Nintendo Wants to Pursue More New IPs

The company's president is looking to rely less on the old stalwarts.

It’s probably no exaggeration to say that Nintendo has one of the strongest library of properties in media in general. There was a time that Mario was more recognizable than Mickey Mouse, which could very well still be true except no one is polling on that anymore. In the last decade or two, however, the platform holder has had a difficult time making new properties stick, with only a few new IPs really standing toe-to-toe with their heavy hitters. According to Nintendo’s president Shuntaro Furukawa, that’s something they’re looking to change.

In an interview with Japanese publication Nikkei and translated by VGC, Furukawa outlines how video games have to compete for time with every other thing in life and that creating new original worlds is key to that.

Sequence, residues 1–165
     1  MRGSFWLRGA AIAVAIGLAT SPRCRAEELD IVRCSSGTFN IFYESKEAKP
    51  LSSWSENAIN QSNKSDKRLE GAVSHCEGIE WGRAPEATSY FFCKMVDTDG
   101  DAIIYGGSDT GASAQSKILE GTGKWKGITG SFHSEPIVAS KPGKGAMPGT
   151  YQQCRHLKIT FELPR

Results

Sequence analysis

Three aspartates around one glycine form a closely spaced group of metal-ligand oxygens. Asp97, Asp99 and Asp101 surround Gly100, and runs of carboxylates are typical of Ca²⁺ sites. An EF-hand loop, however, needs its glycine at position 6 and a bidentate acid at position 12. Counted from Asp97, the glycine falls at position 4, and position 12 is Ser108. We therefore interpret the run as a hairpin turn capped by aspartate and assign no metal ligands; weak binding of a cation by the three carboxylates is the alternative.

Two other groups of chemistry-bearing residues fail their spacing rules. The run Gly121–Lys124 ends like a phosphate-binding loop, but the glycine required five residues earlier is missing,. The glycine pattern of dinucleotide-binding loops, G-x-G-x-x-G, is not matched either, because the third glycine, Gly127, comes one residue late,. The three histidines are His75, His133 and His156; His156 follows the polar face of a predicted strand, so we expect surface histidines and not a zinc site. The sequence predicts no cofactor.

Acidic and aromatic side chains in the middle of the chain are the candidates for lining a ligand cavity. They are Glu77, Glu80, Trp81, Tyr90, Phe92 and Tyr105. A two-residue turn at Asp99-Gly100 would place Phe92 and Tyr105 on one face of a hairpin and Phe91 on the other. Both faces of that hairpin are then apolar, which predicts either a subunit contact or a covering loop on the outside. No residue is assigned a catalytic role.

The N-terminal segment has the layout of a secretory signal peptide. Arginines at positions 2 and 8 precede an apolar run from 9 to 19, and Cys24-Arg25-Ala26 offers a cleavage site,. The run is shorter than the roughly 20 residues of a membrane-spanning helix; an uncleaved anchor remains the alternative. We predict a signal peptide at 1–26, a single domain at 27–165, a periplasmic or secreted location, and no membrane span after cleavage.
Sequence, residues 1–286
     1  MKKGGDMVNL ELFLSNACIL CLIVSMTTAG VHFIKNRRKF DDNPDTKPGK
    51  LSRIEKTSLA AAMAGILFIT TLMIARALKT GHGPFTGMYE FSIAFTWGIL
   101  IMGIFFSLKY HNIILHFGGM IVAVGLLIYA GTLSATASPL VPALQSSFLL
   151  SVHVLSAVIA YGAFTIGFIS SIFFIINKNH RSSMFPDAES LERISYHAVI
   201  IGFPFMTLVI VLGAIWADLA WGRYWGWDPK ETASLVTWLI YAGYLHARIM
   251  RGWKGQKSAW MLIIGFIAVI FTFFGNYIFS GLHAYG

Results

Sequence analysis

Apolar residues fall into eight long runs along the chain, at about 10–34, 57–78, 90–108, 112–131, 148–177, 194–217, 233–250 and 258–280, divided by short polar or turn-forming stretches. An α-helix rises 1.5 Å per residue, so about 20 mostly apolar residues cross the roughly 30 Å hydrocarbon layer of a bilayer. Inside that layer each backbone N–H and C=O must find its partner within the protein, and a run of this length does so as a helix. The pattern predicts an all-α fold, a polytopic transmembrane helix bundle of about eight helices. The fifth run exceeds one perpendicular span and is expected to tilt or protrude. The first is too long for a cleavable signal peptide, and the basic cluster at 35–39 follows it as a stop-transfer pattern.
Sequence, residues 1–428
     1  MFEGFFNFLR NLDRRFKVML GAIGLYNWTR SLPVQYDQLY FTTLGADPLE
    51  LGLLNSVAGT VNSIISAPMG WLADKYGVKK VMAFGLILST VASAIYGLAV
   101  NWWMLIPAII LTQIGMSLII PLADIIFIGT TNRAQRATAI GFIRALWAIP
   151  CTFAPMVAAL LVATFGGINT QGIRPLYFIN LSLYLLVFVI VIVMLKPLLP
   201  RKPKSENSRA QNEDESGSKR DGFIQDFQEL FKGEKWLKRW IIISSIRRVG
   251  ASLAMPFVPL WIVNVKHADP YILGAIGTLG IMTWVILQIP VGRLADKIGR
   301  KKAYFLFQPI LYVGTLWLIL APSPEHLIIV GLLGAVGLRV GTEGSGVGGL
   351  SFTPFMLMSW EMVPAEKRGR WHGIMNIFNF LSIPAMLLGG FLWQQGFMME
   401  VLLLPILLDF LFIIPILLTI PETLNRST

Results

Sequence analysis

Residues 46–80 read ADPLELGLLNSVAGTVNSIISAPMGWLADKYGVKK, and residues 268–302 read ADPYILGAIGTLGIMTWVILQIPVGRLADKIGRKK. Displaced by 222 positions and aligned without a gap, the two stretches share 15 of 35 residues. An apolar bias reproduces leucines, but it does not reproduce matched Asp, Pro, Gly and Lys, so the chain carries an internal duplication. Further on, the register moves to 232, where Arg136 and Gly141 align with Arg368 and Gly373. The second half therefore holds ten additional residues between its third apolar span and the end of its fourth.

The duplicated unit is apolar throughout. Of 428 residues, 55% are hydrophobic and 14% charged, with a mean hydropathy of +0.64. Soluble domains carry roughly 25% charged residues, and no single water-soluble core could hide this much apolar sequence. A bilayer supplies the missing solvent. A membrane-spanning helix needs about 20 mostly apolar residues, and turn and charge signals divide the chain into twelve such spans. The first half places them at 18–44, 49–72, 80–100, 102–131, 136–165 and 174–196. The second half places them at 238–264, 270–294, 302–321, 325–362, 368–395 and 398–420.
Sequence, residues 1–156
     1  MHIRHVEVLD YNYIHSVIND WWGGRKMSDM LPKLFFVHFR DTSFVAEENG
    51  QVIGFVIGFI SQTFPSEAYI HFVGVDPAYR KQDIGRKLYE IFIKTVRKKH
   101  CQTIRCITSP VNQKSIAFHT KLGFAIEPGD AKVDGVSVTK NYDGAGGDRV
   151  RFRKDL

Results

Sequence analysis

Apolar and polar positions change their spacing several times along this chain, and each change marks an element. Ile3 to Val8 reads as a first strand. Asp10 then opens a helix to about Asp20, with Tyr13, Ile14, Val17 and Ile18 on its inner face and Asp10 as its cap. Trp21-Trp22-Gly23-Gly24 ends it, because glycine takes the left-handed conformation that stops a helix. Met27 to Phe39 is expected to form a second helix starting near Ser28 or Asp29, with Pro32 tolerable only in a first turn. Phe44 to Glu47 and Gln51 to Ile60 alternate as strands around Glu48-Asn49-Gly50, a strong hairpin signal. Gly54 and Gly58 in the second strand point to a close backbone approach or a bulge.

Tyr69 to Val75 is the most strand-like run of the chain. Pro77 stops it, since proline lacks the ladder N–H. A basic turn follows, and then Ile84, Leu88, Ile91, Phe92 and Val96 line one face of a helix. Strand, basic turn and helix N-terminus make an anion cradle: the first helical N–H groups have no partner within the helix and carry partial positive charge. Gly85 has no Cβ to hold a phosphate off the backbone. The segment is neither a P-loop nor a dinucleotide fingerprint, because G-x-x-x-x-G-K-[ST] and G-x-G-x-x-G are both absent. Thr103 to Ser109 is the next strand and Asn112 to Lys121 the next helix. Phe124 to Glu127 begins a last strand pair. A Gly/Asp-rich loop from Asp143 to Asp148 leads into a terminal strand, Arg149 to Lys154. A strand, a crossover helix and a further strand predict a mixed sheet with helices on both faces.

“Games are not a necessity of life. In order for customers to choose games in their finite time, they have to be interesting,” Furukawa told Nikkei. “Competition is tough, and I am not optimistic. I myself am looking at and studying various forms of entertainment. In the future, we will focus on creating new game series as well as long-sellers such as Mario and Zelda.”

Games like Splatoon, which got an announcement for a third game in six years recently, have been big sellers for Nintendo, but not every IP manages to sell quite as well. The opportunity cost for making an original series versus, say, just making another Mario game is probably one that Nintendo stops to consider with each new title. Ideally they find the right balance between the two, but that’s easier said than done.